15 July 2019
Waipa District Council is supporting Pirongia locals in urging Spark to consider other locations for a new cell-phone tower it plans to build in the village.
And it has formally asked Spark to put its plans on hold until a potential new location is found.
Spark wants to put a new 20-metre high tower on privately-owned commercial land currently leased by a separate business. Under national regulations for telecommunications facilities introduced in 2016, and Waipā’s district plan, the tower does not need a resource consent from Council.
Council’s group manager – district growth and regulatory Wayne Allan said as long as the cell-phone tower met national standards and district plan restrictions around height and other issues, there was little Council could do. Council’s hands were legally tied, he said.
“We have seen exactly the same issue play out elsewhere, including in Cambridge when a cell-phone tower went up on Council road reserve directly outside homes. There was nothing Council or residents could do, although we did ask Spark to reconsider that location by providing alternative sites. They declined to do so,” he said.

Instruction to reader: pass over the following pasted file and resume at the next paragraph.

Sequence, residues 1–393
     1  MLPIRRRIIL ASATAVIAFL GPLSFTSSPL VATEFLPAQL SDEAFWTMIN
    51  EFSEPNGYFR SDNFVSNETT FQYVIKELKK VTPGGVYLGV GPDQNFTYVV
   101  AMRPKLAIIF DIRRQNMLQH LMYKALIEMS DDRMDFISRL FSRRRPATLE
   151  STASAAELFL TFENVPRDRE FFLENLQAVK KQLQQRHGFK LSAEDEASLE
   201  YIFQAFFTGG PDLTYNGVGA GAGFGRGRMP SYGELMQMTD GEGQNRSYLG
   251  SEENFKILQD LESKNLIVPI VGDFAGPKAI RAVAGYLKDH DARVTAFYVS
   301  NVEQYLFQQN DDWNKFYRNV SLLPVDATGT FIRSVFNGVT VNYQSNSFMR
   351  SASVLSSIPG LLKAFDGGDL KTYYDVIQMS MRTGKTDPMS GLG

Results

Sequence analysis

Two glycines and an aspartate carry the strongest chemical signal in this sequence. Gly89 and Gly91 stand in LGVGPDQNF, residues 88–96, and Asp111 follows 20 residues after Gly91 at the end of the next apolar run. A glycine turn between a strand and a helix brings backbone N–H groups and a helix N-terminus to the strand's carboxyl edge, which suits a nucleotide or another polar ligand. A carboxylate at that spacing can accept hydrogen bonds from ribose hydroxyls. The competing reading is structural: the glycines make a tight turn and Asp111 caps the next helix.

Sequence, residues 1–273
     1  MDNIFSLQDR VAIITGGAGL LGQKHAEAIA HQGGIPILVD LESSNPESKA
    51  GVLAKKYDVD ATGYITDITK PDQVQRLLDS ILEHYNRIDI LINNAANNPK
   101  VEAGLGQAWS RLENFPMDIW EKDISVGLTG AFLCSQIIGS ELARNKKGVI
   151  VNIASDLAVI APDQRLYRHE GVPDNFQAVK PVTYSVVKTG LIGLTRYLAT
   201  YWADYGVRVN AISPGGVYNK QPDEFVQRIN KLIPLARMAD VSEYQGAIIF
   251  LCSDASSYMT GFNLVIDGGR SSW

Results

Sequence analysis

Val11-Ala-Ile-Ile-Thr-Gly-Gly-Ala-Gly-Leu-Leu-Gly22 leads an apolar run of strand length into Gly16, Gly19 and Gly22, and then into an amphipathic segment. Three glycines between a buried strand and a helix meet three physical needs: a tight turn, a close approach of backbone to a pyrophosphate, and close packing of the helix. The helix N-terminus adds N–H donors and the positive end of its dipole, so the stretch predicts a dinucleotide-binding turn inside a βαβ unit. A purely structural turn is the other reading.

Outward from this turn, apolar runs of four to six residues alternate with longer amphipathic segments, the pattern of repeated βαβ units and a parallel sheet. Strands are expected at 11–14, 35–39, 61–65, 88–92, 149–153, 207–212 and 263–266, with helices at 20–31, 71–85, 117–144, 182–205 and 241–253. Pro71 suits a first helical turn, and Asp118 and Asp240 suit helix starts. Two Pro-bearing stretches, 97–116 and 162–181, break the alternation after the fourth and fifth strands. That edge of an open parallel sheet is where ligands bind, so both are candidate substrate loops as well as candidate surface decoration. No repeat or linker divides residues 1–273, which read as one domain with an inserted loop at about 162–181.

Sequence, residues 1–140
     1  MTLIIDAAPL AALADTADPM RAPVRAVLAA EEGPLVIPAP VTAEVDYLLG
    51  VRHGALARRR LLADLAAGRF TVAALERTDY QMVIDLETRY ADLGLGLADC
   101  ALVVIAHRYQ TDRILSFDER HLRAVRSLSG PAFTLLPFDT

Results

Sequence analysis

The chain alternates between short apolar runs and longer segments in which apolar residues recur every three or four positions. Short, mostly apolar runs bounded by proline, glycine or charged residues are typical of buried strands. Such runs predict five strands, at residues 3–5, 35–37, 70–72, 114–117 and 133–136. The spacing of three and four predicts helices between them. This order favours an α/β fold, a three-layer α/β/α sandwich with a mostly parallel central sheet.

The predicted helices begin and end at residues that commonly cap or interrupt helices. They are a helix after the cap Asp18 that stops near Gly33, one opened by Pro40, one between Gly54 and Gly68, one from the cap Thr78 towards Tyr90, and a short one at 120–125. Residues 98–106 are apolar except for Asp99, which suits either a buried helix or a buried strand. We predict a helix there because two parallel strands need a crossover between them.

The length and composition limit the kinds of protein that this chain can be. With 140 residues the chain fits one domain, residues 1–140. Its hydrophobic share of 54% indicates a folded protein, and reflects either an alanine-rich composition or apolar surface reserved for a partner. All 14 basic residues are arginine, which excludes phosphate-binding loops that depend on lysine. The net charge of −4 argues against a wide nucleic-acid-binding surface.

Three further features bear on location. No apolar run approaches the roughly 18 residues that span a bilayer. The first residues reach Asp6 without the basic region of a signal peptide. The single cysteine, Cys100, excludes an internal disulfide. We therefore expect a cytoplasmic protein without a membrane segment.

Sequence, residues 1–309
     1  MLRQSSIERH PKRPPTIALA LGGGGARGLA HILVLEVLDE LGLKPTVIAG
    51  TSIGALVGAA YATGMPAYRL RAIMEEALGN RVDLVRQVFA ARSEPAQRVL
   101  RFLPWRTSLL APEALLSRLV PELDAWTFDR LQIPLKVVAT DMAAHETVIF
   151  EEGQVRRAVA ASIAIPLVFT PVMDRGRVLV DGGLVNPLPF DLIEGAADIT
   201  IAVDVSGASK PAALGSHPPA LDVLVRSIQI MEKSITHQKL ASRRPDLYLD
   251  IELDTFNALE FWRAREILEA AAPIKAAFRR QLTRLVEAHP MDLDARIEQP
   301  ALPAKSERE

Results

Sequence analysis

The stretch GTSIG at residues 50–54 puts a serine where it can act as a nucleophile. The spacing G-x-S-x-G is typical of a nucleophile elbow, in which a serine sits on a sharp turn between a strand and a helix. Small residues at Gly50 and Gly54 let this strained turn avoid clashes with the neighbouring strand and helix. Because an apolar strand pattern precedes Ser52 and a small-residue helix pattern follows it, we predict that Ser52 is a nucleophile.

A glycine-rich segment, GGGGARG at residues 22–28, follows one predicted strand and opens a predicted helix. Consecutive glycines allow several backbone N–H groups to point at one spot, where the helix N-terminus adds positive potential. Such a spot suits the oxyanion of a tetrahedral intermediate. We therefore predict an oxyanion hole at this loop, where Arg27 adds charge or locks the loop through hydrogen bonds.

“Similar issues have popped up recently in Tirau and Tairua so it’s an issue other communities are also grappling with. It’s going to come up more and more as the demand for cell-phone services increases.”
National regulations mean that as long as standards are met, cell-phone towers can be built on council road reserves as of right. Cell-phone towers can also be built on private land as long as the land owner agrees and the District Plan is complied with.
“This is what’s happened in Pirongia; the planned tower is going on private property because the landowner has agreed to it. Apart from restricting things like height, Council can’t do much about it.”
Council has engaged a specialist planner to work alongside Pirongia residents and Spark to identify alternative sites for consideration. It has asked Spark to put the tower build on hold until alternative sites can be considered.
“We know some Pirongia locals don’t want the tower in that location, or even at all. Others support the tower because they want better cell-phone coverage and faster internet. Council staff are not taking a position either way, that’s not our role,” Allan said.
“Given the tower has not yet been built, we’re simply offering to help the community and Spark to identify alternative sites so they can be considered. At the end of the day, Spark will make the decision.”